PORT–Port St. Maarten celebrates 55 years of cruise tourism today, June 3. It was June 3, 1964, that A.C. Wathey Pier in Pointe Blanche was inaugurated. Thereafter, cruise tourism slowly started to grow over a period of 16 years as the global cruise industry started to develop, and in 1980 the island welcomed 105,000 cruise passengers.
As the industry continued to grow, the destination hit the 1,000,000 cruise passenger mark in 2002, and thereafter has catered to more than a million cruise passengers for the past 17 years.
The development of the harbour facilities over the past 55 years started off with one company and now encompasses 13 companies with more than 70 employees responsible for most of the country’s maritime-related activities. The operations are also broken down into four pillars: cruise, cargo, yachting and real estate.
Port St. Maarten Group of Companies has diversified its activities into real estate ownership and port consultancy, as well as owning and operating the port’s two mobile harbour cranes.
Some 55 years later, St. Maarten is a successful cruise destination, due to its approach of listening to the cruise lines and understanding the business which has grown by leaps and bounds.
“In 1964, with the construction of the A.C. Wathey Pier, the tourism visionary Dr. A.C. Wathey saw the opportunities that tourism would bring to the destination. June 3, 1964, saw the island sail into the opportunity of cruise tourism, and today we are one of the top cruise destinations in this part of the Caribbean,” Minister of Tourism, Economic Affairs, Transport and Telecommunications Stuart Johnson said on Sunday.
“I would like to take this opportunity to congratulate past political leadership, port management, supervisory boards, port staff, our cruise industry partners and stakeholders for the roles they have played in the development of cruise tourism in St. Maarten over the past 55 years with respect to this momentous occasion.
“For the next 55 years, we look forward to taking Port St. Maarten to the next level with improvements to our infrastructure such as the cruise piers, the cruise terminal, a permanent structure for homeporting and, by extension, the entire destination as we move forward.”
The turning point for Port St. Maarten was 24 years ago, when Hurricane Luis (1995) caused devastation to the island’s infrastructure. After a period of planning and development, the first cruise pier, Dr. A.C. Wathey Cruise Pier South (545 metres in length) capable of accommodating four cruise ships simultaneously, was put into operation in 2007, one of the few ports at that time that could receive the world’s largest cruise ships.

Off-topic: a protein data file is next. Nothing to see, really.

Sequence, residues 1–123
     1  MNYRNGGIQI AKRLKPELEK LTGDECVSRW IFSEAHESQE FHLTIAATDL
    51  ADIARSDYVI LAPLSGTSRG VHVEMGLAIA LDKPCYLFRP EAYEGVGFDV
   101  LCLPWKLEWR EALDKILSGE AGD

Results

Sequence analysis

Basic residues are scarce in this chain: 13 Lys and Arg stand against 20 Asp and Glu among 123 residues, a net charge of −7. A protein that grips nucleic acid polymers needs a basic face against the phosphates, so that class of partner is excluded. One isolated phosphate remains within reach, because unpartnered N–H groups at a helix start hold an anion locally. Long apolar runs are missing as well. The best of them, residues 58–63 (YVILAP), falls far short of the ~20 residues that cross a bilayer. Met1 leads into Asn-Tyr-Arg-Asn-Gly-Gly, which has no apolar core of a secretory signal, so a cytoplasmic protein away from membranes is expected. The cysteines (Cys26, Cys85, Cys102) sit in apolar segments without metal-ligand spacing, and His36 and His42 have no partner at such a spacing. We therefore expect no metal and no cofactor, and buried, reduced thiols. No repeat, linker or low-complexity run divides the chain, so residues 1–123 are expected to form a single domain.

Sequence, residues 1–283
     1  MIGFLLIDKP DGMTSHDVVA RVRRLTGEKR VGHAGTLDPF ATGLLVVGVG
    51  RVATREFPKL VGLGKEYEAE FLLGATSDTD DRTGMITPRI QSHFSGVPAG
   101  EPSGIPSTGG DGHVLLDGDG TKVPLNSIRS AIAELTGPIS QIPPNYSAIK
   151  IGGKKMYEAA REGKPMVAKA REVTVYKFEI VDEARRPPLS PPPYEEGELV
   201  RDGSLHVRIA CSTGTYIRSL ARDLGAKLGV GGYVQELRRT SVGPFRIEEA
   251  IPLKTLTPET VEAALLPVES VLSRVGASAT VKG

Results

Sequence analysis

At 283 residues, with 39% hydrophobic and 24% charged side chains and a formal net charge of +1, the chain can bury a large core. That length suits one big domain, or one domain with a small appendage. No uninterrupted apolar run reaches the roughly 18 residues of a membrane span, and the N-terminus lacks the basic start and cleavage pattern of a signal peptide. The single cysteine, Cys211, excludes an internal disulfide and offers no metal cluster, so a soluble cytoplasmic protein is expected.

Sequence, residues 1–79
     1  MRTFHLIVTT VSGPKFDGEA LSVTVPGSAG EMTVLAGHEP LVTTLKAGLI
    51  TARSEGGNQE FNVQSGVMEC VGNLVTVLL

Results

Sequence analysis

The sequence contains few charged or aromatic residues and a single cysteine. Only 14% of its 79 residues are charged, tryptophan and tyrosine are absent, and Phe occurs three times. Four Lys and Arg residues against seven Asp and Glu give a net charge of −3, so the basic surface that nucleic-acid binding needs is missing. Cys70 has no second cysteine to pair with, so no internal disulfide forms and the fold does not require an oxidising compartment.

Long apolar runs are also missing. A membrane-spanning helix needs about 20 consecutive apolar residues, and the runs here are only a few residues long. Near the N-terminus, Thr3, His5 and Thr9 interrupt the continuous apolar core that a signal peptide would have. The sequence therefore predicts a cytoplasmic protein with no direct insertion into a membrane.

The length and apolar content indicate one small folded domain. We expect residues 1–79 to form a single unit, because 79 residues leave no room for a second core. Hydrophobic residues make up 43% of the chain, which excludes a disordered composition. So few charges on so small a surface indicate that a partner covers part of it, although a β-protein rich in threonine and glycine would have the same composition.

A second cruise pier, Dr. A.C. Wathey Cruise Pier North (445 metres in length) was opened in 2009, allowing the Dr. A.C. Wathey Cruise and Cargo Facility to cater to six cruise ships at the same time. This was then followed by the development of an upland retail (duty-free outlets, souvenir shops, and market stalls), food and beverage commercial centre at the port – Harbour Point Village – built in the traditional architectural style of old Philipsburg.
Investments were also made in Philipsburg with the upgrade of Front and Back Streets as well as the construction of the Great Bay beach promenade Boardwalk Boulevard. This was followed by the 760-meter Simpson Bay causeway bridge (2013) that would improve the transportation network, contributing to a better visitor experience.
Additional investments were made in the enhancement of Captain Hodge Wharf in Philipsburg and the construction and inauguration of Walter Plantz Square and tender jetty in 2015.
Within the past five decades, due to Port St. Maarten’s Supervisory Board’s and Management’s strategic thinking and innovativeness, homeporting was pursued and has successfully been developed. With some of the best cruise facilities in the region, a number of boutique cruise lines with small luxury vessels of 100-500 passenger capacity have used the opportunity offered by Port St. Maarten as a homeport base.